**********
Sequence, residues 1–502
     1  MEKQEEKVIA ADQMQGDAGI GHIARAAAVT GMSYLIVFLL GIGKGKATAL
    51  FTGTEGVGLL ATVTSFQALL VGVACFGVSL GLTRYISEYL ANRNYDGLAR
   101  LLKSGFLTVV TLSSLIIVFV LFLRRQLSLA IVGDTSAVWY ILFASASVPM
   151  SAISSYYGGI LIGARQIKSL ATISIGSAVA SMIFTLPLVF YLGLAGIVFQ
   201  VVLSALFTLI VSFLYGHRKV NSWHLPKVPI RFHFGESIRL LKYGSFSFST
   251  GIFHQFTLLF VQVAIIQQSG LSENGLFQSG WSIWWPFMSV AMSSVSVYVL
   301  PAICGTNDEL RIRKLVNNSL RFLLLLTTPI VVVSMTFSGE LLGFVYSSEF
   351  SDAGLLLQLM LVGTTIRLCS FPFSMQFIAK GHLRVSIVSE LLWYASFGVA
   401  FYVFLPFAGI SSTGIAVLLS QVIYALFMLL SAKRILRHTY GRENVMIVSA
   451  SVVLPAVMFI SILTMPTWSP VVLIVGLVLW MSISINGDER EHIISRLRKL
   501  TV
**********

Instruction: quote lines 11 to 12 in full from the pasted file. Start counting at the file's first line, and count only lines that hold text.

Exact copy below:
   451  SVVLPAVMFI SILTMPTWSP VVLIVGLVLW MSISINGDER EHIISRLRKL
   501  TV